In accordance with the present embodiment, the specific edge region includes band regions that extend from the upper and horizontal edges along the periphery of the image toward the center of the image, between the third dot and the sixth dot (i.e., 84 to 252 μm when 600 dpi), and a band region from the lower edge along the image periphery toward the center between the third dot and the fourth dot (84 to 168 μm when 600 dpi).

These band regions match the aforementioned region in which the edge effect is present. Thus, by reducing the amount of exposure to the specific edge region compared to the other portions, the attached toner amount in the specific edge region can be controlled to an appropriate value.

In FIGS. 9 and 10A through 10C, the recording medium transport direction (y direction) is in the vertical direction on the sheet of the drawings. In terms of line width, no image edge portion appears in vertical lines (along the y axis) having the 4-dot line width (168 μm in the case of 600 dpi) and smaller. In the case of lines with 5 to 12 dot line widths (210 to 504 μm in the case of 600 dpi), the central portion becomes the image edge portion. When the line width is 13 dots or more, the central portion ceases to be the image edge portion. In other words, in the case of vertical lines, up to 12 (=6+6) dots are corrected because the template B has Nxpb=6 and Nxmb=6, but a non-corrected portion appears in the central portion above 13 dots or more.

Similarly, with regard to lateral lines (along the x axis), no image edge portion appears in lines with the line width of 4 dots (which is 168 μm in the case of 600 dpi) or less. In the case of lines with the line width of 5 to 10 dots (210 to 420 μm when 600 dpi), the central portion becomes the image edge portion. When the line width is 11 dots or more, the central portion ceases to be the image edge portion. In other words, in the case of lateral lines, up to 10 (=6+4) dots are corrected because the template B has Nypb=6 and Nymb=4, and a non-corrected portion appears in the central portion for 11 dots and above.

In the case of the above larger and smaller templates, lines thinner than the 4-dot line width are not subject to the exposure amount adjustment for preventing the edge effect because such lines do not contain an image edge portion. Normally, the resolution of a printing system gradually deteriorates near the limit resolution of the system. Similarly, in the electrophotography apparatus according to the present embodiment, resolution is degraded at around 600 dpi. Therefore, in the case of lines with the line width of 168 μm or less, improved resolution can be obtained by taking advantage of the edge effect rather than eliminating it.

In terms of halftone dot image, because the number of lines per inch (lpi) in a halftone dot image is normally greater than 141 lpi, halftone dots are formed every three dots at most vertically and horizontally in the case of the screen angle of 45 and 600 dpi. On the other hand, in the electrophotography apparatus according to the present embodiment of the present invention, lines thinner than 4-dot line width are not corrected as mentioned above, so that no correction is performed inside a halftone dot image. Thus, the halftone reproducibility of a halftone dot image formed in a highly accurate gradation process by the upper-level controller is not adversely affected by the present embodiment. Of course, the central portion of a solid portion having a certain size within a halftone dot image is subject to the processing according to the present embodiment. However, the edge portion of the halftone dot image is not. Correction of the edge portion of the halftone dot image, if it is necessary, may be carried out in a gradation process by the upper-level controller.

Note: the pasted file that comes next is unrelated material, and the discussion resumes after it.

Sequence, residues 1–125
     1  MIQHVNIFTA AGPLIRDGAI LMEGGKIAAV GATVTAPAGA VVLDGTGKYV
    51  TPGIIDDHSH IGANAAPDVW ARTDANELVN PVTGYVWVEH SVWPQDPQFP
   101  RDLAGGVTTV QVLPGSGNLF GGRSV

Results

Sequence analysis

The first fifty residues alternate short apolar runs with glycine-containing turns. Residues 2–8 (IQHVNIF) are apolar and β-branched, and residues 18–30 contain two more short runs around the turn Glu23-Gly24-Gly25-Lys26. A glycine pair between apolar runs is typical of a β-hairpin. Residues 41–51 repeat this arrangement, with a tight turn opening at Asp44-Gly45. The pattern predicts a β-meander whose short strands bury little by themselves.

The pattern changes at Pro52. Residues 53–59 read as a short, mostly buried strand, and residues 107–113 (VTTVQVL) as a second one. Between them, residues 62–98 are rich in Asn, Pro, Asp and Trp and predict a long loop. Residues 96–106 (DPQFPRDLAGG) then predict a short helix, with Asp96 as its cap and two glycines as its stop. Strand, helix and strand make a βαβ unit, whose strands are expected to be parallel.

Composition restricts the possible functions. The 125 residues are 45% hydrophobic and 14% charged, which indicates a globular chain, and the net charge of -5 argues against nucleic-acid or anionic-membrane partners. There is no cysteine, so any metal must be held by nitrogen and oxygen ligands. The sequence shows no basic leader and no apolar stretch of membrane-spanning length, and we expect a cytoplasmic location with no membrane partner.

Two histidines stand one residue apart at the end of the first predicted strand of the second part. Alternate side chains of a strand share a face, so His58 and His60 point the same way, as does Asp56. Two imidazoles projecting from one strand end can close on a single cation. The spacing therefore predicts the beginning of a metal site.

Referring back to FIG. 3, the pulse width modulation (PWM) circuit 305 is described. In the present embodiment, the amount of exposure to a pixel in the edge portion is reduced by performing a fine pulse width modulation within the pixel.

The determined image data 304 is defined so that it is “0” when the original image data 302 is “0” (white); “2” when the original image data 302 is “1” (black) and forms an image edge portion; and “3” when the original image data 302 is “1” (black) and forms a portion other than an image edge portion (see FIG. 10C).

The image data 306 outputted by the PWM circuit 305 is pulse-wave modulated at 0% when the original image data 302 is “0” (white); a percentage determined by the ECR (%) when the original image data 302 is “1” (black) and forms an image edge portion; and 100% when the original image data 302 is “1” (black) and forms a portion other than an image edge portion.

The image data 306 is converted into a light-emitting output by the exposing unit 203, which may include a semiconductor laser and its drive circuit, and the photosensitive member 202 is exposed by the emitted light.

Because the pulse width modulation is carried out within the dot, the pulse widths are sufficiently smaller than the exposure spot diameter of laser. The pulses of light are therefore integrated so that, in terms of the exposure amount on the photosensitive member 202, this has substantially the same effect as reducing the amount of exposure given to the dot in an analog manner.